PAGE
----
Music / Reviews

Review: Kokoko!, Fiddlers

By martin siddorn, Wednesday Nov 27, 2019

Fiddler’s compact stage is littered with bits of wood connected to paint tins, pots and pans, engine parts and an array of washing up liquid bottles.  Five piece Kokoko! run on stage, yelling through a loud hailer whilst a siren wails behind them, striking in their yellow boiler suits. They position themselves behind these various odds and ends. They are self-invented instruments from the streets of Kinshasa made from found objects. A primitive drum kit, one string guitar, homemade percussive instruments of all shapes and sizes.

This is Kokoko!, festival hit of the summer, delivering their unique fusion of soukous, heavy funk, motorik grooves, clashing with the tropes of contemporary rap and R’n’B and backed by the familiar grooves of modern dance music. They are quite a thing.

Their show is one long street party, energy levels are never allowed to drop. It was direct and raw and in the spirit of punk it is defiantly DIY. In their yellow jump suits they are reminiscent of ’70s alt rockers Devo. Like that combo they are part punk rock, part art project. There is nothing of the stale stereotypes of some world music here, this is a defiant contemporary take on their tradition.

The last decade or so have thrown up a number of bands from Kinshasa becoming the world music buzz bands of their time. Konono No1, Staff Benda Bilili and Mbongwana Star have all arrived with homemade instruments, engaging back stories of forming in the ghettos of Kinshasa, guided by a European music producer with a keen ear for the new. Kokoko! tick all these boxes with a new sonic idea of rooting all this with the clashing grooves of techno, distorted fast rhythms, and a distinctly lo-fi aesthetic.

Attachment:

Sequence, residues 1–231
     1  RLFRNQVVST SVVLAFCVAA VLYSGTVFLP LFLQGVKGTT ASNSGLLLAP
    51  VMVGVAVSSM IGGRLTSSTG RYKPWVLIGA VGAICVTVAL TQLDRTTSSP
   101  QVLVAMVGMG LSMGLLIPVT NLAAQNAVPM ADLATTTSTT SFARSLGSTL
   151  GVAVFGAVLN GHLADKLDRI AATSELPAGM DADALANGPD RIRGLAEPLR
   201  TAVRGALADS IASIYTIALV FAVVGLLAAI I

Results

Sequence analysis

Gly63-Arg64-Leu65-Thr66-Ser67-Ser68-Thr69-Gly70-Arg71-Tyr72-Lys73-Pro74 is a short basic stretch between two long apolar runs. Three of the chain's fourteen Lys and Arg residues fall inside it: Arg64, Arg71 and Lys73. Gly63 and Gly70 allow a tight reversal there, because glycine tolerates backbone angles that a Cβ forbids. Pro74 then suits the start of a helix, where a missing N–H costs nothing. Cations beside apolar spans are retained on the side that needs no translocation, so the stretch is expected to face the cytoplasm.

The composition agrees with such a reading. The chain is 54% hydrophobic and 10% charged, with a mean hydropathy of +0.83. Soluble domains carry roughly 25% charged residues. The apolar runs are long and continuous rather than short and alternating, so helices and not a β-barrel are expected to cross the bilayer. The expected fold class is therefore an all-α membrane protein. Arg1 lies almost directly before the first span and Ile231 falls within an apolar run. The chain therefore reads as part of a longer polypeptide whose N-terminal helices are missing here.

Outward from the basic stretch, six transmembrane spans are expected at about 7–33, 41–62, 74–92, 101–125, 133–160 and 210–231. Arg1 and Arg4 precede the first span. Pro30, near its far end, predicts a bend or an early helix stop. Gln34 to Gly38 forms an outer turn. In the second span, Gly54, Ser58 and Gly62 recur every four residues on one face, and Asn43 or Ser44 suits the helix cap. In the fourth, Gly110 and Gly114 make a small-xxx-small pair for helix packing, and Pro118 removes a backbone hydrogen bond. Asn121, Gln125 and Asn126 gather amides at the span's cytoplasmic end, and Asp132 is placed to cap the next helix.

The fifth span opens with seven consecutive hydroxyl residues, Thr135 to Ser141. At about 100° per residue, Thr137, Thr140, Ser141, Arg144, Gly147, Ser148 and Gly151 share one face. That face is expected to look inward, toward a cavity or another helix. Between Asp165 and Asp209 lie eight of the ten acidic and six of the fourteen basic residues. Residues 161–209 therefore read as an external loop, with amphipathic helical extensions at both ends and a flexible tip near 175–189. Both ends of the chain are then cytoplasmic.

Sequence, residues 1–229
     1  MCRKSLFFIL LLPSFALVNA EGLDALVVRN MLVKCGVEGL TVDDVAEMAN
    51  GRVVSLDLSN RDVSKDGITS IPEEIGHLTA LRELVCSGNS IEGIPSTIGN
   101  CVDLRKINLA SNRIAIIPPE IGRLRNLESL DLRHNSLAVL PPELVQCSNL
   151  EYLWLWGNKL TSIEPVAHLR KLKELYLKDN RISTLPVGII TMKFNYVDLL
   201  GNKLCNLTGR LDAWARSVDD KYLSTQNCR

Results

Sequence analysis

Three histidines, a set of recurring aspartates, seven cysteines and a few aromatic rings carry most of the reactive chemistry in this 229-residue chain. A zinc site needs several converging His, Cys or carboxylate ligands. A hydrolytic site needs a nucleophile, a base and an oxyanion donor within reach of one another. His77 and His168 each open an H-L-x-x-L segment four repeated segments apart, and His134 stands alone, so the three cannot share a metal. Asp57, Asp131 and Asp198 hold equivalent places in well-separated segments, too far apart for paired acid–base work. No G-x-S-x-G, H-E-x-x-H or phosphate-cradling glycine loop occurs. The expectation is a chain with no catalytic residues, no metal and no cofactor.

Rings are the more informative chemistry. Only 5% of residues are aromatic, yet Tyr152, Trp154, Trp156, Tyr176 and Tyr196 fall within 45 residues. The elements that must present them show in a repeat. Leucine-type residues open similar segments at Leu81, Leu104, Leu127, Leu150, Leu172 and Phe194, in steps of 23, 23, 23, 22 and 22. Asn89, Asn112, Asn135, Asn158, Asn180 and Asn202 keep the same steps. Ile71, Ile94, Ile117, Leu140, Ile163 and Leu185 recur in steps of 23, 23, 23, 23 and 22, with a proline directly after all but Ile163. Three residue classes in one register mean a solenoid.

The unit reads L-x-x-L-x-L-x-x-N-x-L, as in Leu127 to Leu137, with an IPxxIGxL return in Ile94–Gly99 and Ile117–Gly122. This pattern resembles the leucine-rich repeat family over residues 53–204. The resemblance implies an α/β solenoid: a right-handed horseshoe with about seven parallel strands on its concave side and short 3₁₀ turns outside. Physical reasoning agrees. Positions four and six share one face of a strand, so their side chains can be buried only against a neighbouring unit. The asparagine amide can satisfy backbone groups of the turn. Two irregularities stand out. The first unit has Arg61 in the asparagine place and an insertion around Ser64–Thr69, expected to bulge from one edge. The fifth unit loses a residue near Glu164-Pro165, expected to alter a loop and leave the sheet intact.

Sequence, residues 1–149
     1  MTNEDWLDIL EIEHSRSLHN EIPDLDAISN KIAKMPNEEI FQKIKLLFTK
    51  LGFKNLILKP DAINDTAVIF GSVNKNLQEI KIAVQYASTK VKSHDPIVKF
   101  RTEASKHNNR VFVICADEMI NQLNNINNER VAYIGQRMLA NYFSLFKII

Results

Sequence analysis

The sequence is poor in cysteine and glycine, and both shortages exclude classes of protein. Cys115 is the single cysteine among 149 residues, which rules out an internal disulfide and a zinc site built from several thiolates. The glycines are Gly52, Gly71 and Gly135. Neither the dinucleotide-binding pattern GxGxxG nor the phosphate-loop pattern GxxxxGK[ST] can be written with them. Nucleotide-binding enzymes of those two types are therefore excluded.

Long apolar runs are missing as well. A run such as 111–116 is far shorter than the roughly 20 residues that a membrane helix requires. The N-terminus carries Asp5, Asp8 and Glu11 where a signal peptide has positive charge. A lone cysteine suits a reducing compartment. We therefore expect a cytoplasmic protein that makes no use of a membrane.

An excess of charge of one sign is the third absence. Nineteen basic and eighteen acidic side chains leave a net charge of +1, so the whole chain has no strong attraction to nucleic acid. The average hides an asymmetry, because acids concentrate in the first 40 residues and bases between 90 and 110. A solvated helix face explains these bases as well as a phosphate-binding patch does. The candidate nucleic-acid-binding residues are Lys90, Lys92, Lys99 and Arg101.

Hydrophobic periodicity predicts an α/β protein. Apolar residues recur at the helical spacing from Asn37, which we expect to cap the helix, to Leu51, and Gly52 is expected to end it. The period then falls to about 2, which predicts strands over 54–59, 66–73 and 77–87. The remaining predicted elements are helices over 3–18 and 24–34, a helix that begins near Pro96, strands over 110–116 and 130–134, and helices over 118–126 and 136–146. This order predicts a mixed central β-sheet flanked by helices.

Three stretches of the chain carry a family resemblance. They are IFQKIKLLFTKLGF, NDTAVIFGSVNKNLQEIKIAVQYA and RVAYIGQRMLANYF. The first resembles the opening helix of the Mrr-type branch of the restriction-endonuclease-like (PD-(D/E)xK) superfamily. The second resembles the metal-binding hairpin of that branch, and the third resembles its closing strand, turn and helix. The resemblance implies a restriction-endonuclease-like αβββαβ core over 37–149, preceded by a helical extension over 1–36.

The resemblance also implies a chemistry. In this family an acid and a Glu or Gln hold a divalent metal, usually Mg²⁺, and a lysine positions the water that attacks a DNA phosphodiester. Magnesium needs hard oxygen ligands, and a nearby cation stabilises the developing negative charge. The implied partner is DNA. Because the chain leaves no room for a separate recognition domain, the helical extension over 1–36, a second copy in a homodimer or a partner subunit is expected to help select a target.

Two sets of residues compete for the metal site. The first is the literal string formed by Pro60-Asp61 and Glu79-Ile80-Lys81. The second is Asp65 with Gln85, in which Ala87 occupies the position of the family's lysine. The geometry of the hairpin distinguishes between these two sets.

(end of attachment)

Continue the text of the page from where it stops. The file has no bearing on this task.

It is a thrilling show from start to finish. Azo Toke has a nagging hook, shouty call and response vocals all against a deep, heavy groove. Malembe opens with some fuzzy electronics married to a guitar loop that wouldn’t sound out of place on a Berlin period Bowie LP, again with an incessant uptempo dance groove with a defiant vocal on top. Tokoliana is their most instantly engaging groove with clipped electronic percussion married with the most vicious punk funk drumming you are likely to come across.

A packed Fiddlers is sweaty as can be as the street party reaches its climax. They exit as they began with loud hailer in hand and a barrage of percussion. The crowd love them responding as one to their deep grooves, dance moves and winning charms. They are very now, dangerously radical and exciting as hell. Catch them if you can.

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